The 1-hr Locomotor Activity and Exploration test assesses general activity, exploratory behavior and anxiety-like behavior in rodents. It also serves as a control test in order to identify any differences in general activity (hypoactivity, hyperactivity) that may interfere with interpretation of later cognitive, social or emotionality tests that require motoric response. Animals are evaluated over a 1-hr period in a 47.6 x 25.4 x 20.6 cm enclosure using beambreaks for tracking horizontal and vertical movement. Kinder Scientific Motor Monitor software collects variables such as ambulation (horizontal movement), rearing, location and entries into the center and perimeter zones. The center zone measures 33 x 11 cm and the perimeter zone comprises a 5.5 cm border along the walls of the apparatus.
The Accelerating Rotarod Test is used to assess motor learning, motor coordination and balance. The animal is required to keep their balance and navigate the accelerating rotating rod. Performance is quantified as latency to fall from the rod. Shorter latencies as compared to controls may indicate motor coordination and/or balance impairment. Lack of improvement in latency times across days as compared to controls may indicate motor learning impairment.
Our standard protocol tests animals at 4-40 rotations per minute (rpm) acceleration for 300s max for three trials/day for two consecutive days, then at 8-80 rpm acceleration for 300s max for three trials/day for two consecutive days. The rotarod is programmable and can accommodate other schedules and accelerations, up to a max speed of 80rpm. Available for mice and juvenile rats only.
The Acoustic Startle/Prepulse Inhibition (PPI) task measures sensorimotor gating, or the plastic-adaptive operations in the brain for preventing overstimulation and helping the brain focus on a specific stimulus among other distractors. The startle motor response is a reflexive survival mechanism of alarm that alerts and prepares an organism against a potential threat. It involves a rapid and sequential activation of involuntary muscles across species with 6-10ms of the startle stimuli. Our test uses acoustic stimuli to produce a startle response which is measured by a force plate. The startle response can be modulated by emotional state or drugs such as sedatives and can be potentiated by fear. Increased startle response as compared to controls can indicate an anxiety phenotype.
The startle response can also be inhibited by an immediate prepulse. The prepulse is a low dB tone that immediately precedes the startle stimulus (100ms between prepulse and startle). The reduction in startle reaction following the prepulse as compared to the startle reaction without a prepulse is called prepulse inhibition (PPI). PPI is notably impaired in humans and models of schizophrenia and dysregulated in other disorders such as dementia, Tourette’s syndrome and autism. This task is conducted in one day and is available for mice or rats. This task can be confounded by weight or activity levels, therefore appropriate statistical designs will be considered in these situations.
The Balance Beam task is primarily used to evaluate sensorimotor functions of rodents. The test consists of an acrylic beam (either 6mm, 12mm, 24mm, or 48mm in width) that has a dark “goal” box at one end of the beam The beam is 125cm long and elevated 54cm above the ground with a net suspended under the beam to catch animals that fall. Varying the widths of beams, elevation, and inclination allows control of the difficulty of the task.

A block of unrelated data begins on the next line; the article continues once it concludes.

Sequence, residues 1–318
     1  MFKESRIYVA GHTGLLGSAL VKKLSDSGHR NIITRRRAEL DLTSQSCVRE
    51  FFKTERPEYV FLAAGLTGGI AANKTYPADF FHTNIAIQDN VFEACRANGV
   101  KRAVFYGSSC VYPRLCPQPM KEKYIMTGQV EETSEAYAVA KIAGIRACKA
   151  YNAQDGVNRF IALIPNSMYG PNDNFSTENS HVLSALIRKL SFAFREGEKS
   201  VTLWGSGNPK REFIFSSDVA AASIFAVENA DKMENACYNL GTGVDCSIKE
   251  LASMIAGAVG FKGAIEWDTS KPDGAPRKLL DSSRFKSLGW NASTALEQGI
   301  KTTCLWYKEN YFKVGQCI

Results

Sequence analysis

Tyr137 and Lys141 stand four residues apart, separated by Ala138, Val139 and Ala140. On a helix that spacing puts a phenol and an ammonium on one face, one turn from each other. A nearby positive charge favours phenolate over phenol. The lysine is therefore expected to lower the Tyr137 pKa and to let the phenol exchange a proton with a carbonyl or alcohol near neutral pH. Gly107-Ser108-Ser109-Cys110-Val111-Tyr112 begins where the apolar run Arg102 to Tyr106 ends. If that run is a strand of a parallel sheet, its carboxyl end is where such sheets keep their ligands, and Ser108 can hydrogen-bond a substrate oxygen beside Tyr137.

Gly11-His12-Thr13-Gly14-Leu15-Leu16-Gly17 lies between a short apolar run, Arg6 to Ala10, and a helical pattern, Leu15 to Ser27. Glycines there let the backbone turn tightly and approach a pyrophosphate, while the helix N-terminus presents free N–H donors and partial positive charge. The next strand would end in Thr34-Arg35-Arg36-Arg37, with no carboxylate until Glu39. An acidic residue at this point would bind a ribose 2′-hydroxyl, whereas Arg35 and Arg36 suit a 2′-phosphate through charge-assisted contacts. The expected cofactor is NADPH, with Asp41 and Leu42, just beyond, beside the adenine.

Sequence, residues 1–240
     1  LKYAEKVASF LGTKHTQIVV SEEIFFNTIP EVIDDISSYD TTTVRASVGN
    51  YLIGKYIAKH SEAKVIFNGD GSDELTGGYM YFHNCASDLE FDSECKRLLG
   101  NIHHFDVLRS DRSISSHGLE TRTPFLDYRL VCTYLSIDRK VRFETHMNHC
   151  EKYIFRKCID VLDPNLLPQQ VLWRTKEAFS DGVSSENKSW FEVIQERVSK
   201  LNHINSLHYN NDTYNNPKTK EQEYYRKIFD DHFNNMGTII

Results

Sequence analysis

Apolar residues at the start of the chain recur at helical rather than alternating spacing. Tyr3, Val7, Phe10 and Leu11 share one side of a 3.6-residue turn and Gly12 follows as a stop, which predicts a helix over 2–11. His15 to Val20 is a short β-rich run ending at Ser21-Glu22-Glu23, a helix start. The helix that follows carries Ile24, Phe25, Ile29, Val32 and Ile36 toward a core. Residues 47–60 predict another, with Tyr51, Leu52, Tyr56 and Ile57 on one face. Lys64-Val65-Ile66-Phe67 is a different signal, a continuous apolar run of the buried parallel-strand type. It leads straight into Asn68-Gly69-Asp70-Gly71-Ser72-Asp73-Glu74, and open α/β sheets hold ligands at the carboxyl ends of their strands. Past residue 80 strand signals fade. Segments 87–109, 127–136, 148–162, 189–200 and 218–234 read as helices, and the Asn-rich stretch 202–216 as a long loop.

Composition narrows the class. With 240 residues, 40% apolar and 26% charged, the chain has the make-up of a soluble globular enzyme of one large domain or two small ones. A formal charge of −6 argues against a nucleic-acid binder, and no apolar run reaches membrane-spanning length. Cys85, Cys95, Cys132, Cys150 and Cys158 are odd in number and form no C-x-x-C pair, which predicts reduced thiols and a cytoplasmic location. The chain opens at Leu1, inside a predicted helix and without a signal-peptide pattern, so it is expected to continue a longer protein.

Data collected includes the time to fall (up to 60 seconds), walk score (did the animal move?), and whether the animal reached the goal box.
The Balance Beam task is more suitable for active strains of rodents. However, less active subjects can be trained on the beam using a positive stimulus before the actual experiment.
This task uses CatWalk XT (Noldus), a gait analysis system that evaluates spontaneous, voluntary gait via footprint. The CatWalk apparatus consists of an elevated walkway of adjustable width, lit from below to illuminate footprints in bright green light allowing for detection by gait analysis software. Animals are first acclimated to the walkway, then on the following day three (or more) sessions of walking/running across the Catwalk are acquired. Acceptable parameters are defined prior to data collection (speed variability, duration, etc.)
The following information can be analyzed from the data acquired from the Catwalk: traditional gait measures (stride, swing, and stand variables as well as base of stance), intrinsic speed variability, applied force during gait, and a variety of spatiotemporal, postural and inter-step variability gait measures. The CatWalk may be preferred over the DigiGait for models of spontaneous gait measures, differential force during gait, and to detect gait differences induced by physical abnormalities that an animal cannot overcome with motivation to move, such as pain and anxiety.
We highly recommend that animals with toe IDS not be used in this task, as such alterations affect distribution of weight across the surface area of the feet. An alternative form of ID such as eartags or earpunches should be used. Available for mice and rats.